HDB resale prices at an all-time high after 2.9% increase in Q3

Analysts said there are three factors that drove the price growth.

HDB resale prices rose for the sixth consecutive quarter in the third quarter (Q3) by 2.9%, reaching an all-time high of 150.6.

Q3 2021’s resale price index (RPI) surpassed the previous peak of 149.4 recorded in the second quarter (Q2) 2013 by 0.8%.

Analysts from Property Guru analysts said the increase in HDB resale prices was driven by three factors.

Million-dollar HDB flat transactions

The first factor is the million-dollar HDB flat transactions recorded in Q3. 

It was reported that there were 67 HDB flats worth millions that were sold in Q3 and amongst them were a 5-room flat in Bishan which changed hands for S$1.295m in July 2021, and another 5-room flat in Toa Payoh sold for S$1.238m.

Overall, resale transactions rose by 19.4%, from 7,063 cases in Q2 to 8,433 cases in Q3.

OrangeTee analysts, for their part, said the strong resale volume was due to “demand outstripping supply in many locations.”

In its outlook report, OrangTee said 23,077 resale flat transactions were recorded in the first three quarters of 2021 which is “almost on par with the full-year sales of 2018 (23,099 units) and 2019 (23,714 units), and close to the full-year sales of 2020 (24,748 units).”

By the end of 2021, OrangeTee analysts expect that around 29,000 to 31,000 HDB flats transactions could be sold, higher than the 2020 record of 24,748 units.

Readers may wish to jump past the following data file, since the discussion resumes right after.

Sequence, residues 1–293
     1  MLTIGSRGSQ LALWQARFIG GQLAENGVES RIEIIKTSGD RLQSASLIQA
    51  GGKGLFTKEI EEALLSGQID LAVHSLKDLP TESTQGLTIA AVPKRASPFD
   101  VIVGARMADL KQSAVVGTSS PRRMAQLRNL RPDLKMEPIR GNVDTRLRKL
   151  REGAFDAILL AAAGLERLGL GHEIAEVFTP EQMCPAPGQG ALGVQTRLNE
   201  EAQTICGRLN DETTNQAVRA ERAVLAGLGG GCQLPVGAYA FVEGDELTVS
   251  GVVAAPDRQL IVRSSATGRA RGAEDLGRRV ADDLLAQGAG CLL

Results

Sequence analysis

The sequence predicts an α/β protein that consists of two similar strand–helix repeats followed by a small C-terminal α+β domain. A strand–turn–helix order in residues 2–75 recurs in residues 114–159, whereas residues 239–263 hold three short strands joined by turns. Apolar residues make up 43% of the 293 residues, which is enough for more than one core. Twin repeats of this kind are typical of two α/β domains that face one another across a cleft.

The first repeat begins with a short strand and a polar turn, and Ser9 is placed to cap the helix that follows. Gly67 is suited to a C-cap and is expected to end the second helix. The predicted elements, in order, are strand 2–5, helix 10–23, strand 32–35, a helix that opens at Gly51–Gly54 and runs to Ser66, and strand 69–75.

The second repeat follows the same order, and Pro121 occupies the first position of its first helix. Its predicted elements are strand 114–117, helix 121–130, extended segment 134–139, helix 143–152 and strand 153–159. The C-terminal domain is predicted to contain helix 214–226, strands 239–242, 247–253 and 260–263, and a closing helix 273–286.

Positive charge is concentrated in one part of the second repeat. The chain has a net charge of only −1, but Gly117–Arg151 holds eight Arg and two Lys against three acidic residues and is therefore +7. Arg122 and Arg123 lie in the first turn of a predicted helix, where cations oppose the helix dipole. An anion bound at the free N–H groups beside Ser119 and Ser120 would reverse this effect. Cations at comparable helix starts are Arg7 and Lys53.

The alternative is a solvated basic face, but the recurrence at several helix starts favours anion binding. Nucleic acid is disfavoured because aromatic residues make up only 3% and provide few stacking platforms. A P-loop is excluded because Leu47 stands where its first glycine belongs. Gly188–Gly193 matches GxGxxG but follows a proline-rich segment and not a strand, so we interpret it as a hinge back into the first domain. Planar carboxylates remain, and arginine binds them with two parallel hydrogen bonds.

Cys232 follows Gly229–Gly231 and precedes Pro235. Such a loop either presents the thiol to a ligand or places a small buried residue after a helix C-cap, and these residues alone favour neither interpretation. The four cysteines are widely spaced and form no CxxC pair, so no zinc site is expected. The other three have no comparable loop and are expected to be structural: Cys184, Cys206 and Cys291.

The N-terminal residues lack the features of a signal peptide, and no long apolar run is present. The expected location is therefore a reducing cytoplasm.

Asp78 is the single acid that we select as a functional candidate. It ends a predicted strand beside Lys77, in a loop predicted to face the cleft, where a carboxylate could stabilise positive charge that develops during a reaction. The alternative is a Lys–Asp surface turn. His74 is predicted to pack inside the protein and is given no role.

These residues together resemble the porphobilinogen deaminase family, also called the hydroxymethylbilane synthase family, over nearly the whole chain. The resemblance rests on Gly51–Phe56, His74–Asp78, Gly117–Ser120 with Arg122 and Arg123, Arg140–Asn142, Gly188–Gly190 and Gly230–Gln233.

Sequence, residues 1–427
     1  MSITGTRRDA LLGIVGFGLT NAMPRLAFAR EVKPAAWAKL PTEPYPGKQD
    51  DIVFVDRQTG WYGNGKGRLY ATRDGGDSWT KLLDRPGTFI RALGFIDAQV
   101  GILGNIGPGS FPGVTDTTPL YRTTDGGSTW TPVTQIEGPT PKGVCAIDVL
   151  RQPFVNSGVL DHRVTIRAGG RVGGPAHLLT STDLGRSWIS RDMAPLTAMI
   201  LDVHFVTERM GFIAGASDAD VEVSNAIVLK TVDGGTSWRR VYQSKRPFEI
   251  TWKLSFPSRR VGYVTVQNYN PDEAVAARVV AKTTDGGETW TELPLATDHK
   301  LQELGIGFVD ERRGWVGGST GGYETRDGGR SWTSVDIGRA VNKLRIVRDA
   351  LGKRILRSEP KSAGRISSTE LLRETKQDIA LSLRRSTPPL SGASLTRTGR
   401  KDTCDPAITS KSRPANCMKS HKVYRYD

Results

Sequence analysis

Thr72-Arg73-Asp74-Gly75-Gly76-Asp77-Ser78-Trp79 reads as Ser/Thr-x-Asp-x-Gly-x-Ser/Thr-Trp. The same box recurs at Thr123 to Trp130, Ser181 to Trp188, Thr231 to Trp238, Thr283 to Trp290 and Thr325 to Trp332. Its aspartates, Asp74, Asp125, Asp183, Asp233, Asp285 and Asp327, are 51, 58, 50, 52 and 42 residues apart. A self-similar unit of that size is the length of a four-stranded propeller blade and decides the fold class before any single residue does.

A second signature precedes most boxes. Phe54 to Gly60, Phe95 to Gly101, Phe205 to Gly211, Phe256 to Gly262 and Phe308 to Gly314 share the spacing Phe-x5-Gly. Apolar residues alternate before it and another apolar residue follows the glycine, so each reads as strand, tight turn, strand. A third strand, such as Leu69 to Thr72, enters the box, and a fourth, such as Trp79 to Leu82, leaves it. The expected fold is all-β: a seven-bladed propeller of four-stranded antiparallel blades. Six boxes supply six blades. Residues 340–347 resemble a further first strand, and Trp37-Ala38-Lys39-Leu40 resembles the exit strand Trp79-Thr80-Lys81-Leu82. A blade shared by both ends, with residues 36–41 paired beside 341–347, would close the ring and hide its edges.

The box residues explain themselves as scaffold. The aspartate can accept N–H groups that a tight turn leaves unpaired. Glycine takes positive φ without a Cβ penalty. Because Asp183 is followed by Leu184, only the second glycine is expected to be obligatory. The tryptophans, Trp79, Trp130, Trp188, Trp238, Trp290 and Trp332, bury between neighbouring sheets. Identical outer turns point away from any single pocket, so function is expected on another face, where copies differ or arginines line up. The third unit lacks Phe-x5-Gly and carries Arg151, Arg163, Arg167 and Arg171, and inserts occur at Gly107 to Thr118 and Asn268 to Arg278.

“The strong buyer demand and still-lagging supply are expected to keep prices growing albeit at a slower pace next year,” OrangeTee said.

Build-to-Order flats completion delays

COVID-induced delays in the completion of Build-to-Order flats have turned buyers to the HDB resale market, according to Property Guru.
A report from property agency OHMYHOME showed that completion of BTO projects could take an estimated 4.4 years, “barring any unforeseen circumstances.”

“Although resale flats can be pricier as compared to BTO flats, the sale process and the waiting time generally provides an ease of convenience for aspiring buyers,” OHMYHOME  added in its report.

Willingness to pay COV

The last factor listed by Property Guru was consumers’ willingness to pay Cash Over Valuation (COV).

According to their latest consumer sentiment survey, one in three Singaporeans are willing to pay COV  for their preferred property.

“Informed HDB buyers are more likely to fork out COVs as high as S$200,000 for choice flats like those newly MOP-ed, bigger flat types in attractive locations like Queenstown and Kallang. This is especially so amid a robust HDB resale market, where we are seeing an unprecedented influx of HDB MOPs to the tune of 25,000 flats,” Property Guru reported.

Despite the increase in numbers for Q3, experts from Property Guru see a slight slowing down of the HDB release market, noting that quarterly RPI has been consistently at least 3%.
They said Q3’s RPI was the lowest recorded since the fourth quarter of 2020.

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